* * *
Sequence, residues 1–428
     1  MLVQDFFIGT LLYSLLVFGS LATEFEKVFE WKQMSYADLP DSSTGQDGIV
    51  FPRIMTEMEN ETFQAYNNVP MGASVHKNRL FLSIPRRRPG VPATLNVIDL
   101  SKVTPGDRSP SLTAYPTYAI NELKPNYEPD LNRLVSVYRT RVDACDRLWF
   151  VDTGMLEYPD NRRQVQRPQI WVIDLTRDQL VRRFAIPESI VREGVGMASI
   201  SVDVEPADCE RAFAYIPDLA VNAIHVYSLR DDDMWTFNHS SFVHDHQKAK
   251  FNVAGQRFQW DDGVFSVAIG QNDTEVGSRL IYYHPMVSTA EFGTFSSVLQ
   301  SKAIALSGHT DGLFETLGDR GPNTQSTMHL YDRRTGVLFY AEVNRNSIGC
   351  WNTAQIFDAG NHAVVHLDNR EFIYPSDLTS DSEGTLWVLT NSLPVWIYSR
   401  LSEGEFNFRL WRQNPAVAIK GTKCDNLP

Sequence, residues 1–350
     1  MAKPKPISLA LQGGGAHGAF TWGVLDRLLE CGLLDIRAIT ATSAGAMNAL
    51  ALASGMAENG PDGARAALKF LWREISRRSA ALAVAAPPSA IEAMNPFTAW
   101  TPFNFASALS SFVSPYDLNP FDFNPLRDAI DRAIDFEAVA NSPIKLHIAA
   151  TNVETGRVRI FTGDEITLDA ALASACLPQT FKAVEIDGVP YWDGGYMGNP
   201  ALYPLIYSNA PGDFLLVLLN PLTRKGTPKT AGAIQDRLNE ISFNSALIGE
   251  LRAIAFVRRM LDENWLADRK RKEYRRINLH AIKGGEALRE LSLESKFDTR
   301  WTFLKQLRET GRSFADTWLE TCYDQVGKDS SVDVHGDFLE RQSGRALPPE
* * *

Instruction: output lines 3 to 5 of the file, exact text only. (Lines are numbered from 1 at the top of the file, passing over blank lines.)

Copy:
    51  FPRIMTEMEN ETFQAYNNVP MGASVHKNRL FLSIPRRRPG VPATLNVIDL
   101  SKVTPGDRSP SLTAYPTYAI NELKPNYEPD LNRLVSVYRT RVDACDRLWF
   151  VDTGMLEYPD NRRQVQRPQI WVIDLTRDQL VRRFAIPESI VREGVGMASI